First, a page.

Ziggy Stardust at Sag Harbor Cinema

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David Bowie in "Ziggy Stardust and the Spiders from Mars,” D.A. Pennebaker’s 1973 film. Courtesy Sag Harbor Cinema.

As worldwide celebrations marked what would have been David Bowie’s 75th birthday on January 8, Sag Harbor Cinema hosts a rare screening of “Ziggy Stardust and the Spiders from Mars,” D.A. Pennebaker’s film of David Bowie’s legendary final performance as Ziggy Stardust, held at the Hammersmith Odeon on July 3, 1973. The film will be screened at Sag Harbor Cinema on Sunday, January 16, at 7 p.m.

Part of the yearlong retrospective created by the cinema to celebrate the work of D.A. Pennebaker and Chris Hegedus, the special screening will offer the audience an exclusive opportunity to see the film in a 35mm print from the filmmakers’ personal collection. The screening will be followed by a Q&A with filmmaker Chris Hegedus and founding artistic director, Giulia D’Agnolo Vallan.

“Ziggy Stardust and the Spiders from Mars” captured a defining moment in music history, a spectacular concert during which Bowie retired his fabulously fashionable alien rock star alter ego. The audience gasped and screamed as he uttered “The last show we’ll ever do,” thinking that it was Bowie himself who would be gone forever.

David Bowie in “Ziggy Stardust and the Spiders from Mars,” D.A. Pennebaker’s 1973 film. Courtesy Sag Harbor Cinema.

A founding father of glam rock, “Ziggy” was in Bowie’s own words: “My Martian messiah who twanged a guitar… Someone who dropped down here, got brought down to our way of thinking, and ended up destroying his own self”. He would revisit a similar character in Nicolas Roeg’s 1976 film “The Man Who Fell to Earth.”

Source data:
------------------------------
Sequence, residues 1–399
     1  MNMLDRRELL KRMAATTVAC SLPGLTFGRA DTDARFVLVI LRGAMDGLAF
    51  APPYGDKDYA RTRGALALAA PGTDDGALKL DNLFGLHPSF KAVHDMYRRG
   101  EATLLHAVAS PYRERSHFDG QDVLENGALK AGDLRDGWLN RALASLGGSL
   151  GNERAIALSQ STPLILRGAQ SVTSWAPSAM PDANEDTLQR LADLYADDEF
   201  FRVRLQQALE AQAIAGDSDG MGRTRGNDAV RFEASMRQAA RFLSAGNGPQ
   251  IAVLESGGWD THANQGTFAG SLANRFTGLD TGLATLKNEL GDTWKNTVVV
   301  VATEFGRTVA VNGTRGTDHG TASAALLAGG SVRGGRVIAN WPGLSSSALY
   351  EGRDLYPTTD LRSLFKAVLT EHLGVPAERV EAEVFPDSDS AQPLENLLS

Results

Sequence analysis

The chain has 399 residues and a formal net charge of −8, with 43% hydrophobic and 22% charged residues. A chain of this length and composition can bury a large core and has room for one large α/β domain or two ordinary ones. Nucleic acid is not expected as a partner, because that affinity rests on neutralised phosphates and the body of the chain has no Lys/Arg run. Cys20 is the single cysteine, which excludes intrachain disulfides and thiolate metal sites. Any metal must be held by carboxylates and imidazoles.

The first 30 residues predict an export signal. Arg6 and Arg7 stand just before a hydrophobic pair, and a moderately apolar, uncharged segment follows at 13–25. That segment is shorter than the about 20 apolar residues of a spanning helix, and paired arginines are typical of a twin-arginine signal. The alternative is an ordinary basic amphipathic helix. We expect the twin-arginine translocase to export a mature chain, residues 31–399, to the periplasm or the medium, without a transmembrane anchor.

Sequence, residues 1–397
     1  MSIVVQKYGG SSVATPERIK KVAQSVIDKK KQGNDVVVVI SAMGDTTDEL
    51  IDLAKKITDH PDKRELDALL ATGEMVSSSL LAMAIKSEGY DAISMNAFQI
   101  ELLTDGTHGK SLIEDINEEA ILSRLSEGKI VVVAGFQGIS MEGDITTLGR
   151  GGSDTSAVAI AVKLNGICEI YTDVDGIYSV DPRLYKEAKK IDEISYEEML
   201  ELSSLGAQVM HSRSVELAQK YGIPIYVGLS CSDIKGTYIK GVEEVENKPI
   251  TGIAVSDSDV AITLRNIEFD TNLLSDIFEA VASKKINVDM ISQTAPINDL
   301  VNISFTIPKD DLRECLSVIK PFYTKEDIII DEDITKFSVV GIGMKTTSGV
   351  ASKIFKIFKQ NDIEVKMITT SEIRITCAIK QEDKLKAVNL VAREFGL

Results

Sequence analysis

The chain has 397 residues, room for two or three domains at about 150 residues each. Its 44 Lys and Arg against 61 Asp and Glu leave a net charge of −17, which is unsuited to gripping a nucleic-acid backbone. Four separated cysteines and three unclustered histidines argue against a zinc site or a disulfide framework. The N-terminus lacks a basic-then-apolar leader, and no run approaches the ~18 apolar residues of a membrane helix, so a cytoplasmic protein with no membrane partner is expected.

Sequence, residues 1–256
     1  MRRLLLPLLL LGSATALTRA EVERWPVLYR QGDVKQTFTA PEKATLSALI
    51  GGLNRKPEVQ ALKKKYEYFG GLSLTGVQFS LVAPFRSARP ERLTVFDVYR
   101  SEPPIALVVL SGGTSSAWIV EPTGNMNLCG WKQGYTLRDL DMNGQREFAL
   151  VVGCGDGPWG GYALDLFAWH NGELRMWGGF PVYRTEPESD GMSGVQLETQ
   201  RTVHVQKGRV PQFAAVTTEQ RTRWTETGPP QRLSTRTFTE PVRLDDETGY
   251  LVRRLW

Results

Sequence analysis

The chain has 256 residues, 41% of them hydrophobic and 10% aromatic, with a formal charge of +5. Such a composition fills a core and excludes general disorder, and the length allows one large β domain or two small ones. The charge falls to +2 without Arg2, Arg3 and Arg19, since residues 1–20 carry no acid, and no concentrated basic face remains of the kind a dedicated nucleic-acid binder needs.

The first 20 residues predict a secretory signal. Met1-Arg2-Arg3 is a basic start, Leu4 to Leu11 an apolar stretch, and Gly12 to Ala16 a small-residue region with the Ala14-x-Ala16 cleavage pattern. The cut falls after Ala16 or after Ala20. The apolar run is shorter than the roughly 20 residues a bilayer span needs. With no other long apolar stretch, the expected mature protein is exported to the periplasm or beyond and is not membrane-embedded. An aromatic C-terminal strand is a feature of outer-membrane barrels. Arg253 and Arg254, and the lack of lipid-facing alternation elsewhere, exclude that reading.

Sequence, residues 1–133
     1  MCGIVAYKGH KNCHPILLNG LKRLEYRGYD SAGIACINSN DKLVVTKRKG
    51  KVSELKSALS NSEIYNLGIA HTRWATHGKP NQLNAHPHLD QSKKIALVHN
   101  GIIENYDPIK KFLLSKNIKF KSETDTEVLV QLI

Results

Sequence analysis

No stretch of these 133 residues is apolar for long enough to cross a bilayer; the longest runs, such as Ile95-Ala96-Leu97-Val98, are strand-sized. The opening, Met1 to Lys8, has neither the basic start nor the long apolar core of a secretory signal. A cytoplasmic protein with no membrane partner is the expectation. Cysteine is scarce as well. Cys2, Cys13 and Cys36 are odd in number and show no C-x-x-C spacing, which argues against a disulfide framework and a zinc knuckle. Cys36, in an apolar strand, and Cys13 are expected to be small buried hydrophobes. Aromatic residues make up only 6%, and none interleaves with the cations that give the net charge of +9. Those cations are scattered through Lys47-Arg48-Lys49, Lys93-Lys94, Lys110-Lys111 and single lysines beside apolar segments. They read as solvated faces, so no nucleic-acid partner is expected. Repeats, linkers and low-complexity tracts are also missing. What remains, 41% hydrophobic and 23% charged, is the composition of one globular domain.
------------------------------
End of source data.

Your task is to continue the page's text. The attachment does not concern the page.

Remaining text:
“Ziggy’s androgynous, super sensual beauty and his otherworldly costumes designed by Kansai Yamamoto lent themselves naturally to Pennebaker’s trademark verité style, combining the electricity of live music captured on film with an eye for stylized, almost abstract images,” Vallan said. “This is one of Pennebaker’s most visually striking films. And it is a privilege that we can screen it in 35mm.”

Though a shortened version of the film was broadcast on television in 1974, the film did not receive a full theatrical release until 1983. The concert featured numerous fan favorites such as, “Ziggy Stardust,” “Moonage Daydream,” “Changes,” and “Space Oddity,” as well as a cover of the Velvet Underground’s “White Light/White Heat.” While the footage shot behind the scenes shows Bowie as he jokes and laughs with assistants, the veil of mystery is drawn, and no one seems to notice the camera crew catching them all utterly out of their element.

This screening is made possible courtesy of DCD Rights Ltd.

Sag Harbor Cinema is at 90 Main Street, Sag Harbor. For tickets visit sagharborcinema.org.

 

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